Liquor Licence Fees

Liquor Licensing

In 2013 the Ministry of Justice introduced a new fee structure. The new fee structure was designed to:

  • Recover the total costs of the licensing system
  • Allocate costs more fairly across the sector, so that those operations creating higher costs pay a greater share of fees
  • Provide territorial authorities (TA's) with flexibility to respond to local conditions
  • Establish fair and pragmatic transitional arrangements, and
  • Minimize alcohol-related harm to the extent that is possible and reasonable through a cost-recovery fee regime

Definitions for the Clubs and Restaurant classes are:

Clubs Class 1 Clubs which, in the opinion of the TA, are large clubs (with 1,000 or more members of drinking age) and which, in the opinion of the relevant TA, operate in the nature of a tavern (for example a large working men's club, combined clubs or large 'cossie' clubs)
Class 2 Clubs which do not fit class 1 or class 3 definitions (for example larger sports clubs, medium sized RSAs, many provincial social clubs)
Class 3 Clubs which, in the opinion of the TA, are small clubs (with up to 250 members of drinking Age) and which operate a bar for 40 hours or less per week (for example small sports clubs like bowling clubs, golf clubs, bridge clubs, and small RSAs)
Restaurants Class 1 Restaurants with a significant separate bar area which, in the opinion of the relevant TA, operate that bar at least one night a week in the nature of a tavern, such as serving alcohol without meals to tables situated in the bar area
Class 2 Restaurants that have a separate bar (which may include a small bar area) but which, in the opinion of the relevant TA, do not operate that area in the nature of a tavern at any time.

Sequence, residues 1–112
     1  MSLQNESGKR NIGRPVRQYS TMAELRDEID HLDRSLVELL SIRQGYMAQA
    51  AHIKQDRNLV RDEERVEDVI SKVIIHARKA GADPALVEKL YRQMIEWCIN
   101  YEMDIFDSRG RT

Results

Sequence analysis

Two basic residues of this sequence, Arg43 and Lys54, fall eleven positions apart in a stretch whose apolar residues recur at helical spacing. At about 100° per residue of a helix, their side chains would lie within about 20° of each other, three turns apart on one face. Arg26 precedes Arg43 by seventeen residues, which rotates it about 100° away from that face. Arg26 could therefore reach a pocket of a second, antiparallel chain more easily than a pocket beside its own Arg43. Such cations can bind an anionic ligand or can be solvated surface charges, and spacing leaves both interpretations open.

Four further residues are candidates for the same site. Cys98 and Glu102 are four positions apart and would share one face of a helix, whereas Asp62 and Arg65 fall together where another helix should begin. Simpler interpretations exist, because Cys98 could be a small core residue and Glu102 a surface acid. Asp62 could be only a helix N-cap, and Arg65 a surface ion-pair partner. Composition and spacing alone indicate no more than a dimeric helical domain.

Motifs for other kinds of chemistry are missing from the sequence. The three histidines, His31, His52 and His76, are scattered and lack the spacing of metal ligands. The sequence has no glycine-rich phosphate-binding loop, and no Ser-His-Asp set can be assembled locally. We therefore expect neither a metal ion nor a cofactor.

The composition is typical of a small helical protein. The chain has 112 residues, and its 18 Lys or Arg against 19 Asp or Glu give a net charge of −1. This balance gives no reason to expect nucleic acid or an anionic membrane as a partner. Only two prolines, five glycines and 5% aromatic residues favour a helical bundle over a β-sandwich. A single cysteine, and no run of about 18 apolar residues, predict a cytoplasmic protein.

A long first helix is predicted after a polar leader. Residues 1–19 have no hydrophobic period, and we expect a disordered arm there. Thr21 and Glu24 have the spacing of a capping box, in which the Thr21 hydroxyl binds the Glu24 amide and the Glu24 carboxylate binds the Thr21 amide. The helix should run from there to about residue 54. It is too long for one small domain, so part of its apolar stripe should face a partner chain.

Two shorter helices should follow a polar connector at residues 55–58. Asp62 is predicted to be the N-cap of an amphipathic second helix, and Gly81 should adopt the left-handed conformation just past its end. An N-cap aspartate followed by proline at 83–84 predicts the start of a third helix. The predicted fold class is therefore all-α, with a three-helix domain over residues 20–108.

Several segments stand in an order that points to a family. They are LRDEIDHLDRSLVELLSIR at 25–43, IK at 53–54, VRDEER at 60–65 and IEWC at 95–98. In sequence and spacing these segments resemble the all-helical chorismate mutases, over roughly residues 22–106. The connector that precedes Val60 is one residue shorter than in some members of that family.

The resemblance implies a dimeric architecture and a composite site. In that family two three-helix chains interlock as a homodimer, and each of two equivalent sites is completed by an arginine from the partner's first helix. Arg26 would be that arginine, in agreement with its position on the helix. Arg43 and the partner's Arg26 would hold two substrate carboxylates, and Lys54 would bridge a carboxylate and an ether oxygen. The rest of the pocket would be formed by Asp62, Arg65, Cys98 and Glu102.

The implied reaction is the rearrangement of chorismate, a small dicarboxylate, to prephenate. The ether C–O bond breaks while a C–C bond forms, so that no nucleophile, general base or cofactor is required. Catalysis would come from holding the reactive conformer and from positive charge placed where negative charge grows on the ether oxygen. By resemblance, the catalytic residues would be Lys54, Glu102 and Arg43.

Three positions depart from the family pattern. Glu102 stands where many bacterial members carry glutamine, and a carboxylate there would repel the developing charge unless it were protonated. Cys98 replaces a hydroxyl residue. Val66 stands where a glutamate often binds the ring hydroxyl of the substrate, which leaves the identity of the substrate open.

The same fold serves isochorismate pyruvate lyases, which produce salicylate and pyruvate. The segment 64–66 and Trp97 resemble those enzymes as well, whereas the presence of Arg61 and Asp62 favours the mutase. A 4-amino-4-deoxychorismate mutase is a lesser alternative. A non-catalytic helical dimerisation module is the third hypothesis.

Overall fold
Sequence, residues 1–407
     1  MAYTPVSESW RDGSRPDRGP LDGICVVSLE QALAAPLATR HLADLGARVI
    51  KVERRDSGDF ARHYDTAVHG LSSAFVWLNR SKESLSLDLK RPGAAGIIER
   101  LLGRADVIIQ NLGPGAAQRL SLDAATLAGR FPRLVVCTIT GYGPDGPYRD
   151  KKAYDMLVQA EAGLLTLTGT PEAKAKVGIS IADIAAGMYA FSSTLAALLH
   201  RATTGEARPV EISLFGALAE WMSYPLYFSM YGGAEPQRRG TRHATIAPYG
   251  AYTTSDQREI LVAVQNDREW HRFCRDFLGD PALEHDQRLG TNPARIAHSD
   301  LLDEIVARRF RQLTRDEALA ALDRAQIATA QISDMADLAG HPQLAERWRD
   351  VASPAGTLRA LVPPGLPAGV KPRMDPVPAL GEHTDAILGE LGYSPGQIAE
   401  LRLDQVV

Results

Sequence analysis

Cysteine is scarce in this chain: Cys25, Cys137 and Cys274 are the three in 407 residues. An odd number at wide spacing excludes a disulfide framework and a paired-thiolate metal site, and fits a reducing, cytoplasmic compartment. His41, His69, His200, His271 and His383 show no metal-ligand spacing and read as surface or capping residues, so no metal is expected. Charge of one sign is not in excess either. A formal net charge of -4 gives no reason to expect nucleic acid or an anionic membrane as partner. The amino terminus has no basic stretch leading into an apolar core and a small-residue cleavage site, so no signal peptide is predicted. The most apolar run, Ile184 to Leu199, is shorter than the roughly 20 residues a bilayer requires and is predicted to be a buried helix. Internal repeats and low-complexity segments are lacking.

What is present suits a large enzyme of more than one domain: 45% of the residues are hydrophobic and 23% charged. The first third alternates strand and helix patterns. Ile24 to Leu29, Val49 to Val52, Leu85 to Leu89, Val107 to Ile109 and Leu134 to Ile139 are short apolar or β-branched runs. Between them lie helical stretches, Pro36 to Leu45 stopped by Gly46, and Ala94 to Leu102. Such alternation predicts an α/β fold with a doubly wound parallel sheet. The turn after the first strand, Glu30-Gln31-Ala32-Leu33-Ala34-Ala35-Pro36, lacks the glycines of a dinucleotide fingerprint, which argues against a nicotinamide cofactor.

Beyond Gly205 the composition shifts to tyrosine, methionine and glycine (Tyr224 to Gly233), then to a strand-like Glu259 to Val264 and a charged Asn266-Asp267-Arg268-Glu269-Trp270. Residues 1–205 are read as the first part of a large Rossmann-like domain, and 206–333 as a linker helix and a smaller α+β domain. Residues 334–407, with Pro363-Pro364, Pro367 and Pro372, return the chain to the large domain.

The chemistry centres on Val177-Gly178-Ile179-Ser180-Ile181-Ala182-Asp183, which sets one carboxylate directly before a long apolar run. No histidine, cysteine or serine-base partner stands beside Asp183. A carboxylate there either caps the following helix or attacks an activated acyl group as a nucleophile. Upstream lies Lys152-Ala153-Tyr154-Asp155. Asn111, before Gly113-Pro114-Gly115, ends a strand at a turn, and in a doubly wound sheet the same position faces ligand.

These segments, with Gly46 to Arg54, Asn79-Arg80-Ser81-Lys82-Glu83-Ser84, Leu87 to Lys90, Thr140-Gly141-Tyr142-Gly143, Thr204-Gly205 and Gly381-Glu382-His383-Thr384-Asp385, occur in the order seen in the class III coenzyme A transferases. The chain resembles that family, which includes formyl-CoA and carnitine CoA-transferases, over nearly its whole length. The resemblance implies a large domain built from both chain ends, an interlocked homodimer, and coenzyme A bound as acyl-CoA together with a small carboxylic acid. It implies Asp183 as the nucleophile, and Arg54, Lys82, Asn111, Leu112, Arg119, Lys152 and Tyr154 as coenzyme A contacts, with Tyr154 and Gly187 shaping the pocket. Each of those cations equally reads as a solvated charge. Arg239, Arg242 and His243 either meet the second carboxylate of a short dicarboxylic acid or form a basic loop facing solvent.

Class 3 Restaurants that only serve alcohol to the table and do not have a separate bar area.

Default fees apply to on-, off- and club licences.

The default fees consist of:

  • An application fee which licensees will have to pay when they apply for a new, renewed, or variation to a licence; and
  • An annual fee which must be paid by licensees each year. This fee must be paid within 30 days after the day on which it is due. Failure to pay the annual fee within 31 days after the day on which it is due will result in an automatic suspension of the licence until such time as it is paid.

The amount that businesses pay depends on the "cost/risk rating" of each premises. Low risk outlets with low licensing administration costs (such as winery cellar door sales and small clubs) will pay lower fees. Higher risk outlets that typically create higher costs (such as bottle stores, nightclubs  and taverns) will pay more.

The licensing system has five fee categories, which reflect the range of cost/risk ratings.

Total Weighting Cost/risk & fee Category
0-2 Very Low
3-5 Low
6-15 Medium
16-25 High
26+ Very High

If you have any questions regarding the fees structure, please contact any of the Liquor Licensing Unit on (03) 687 7200.

Last updated: 24 Feb 2021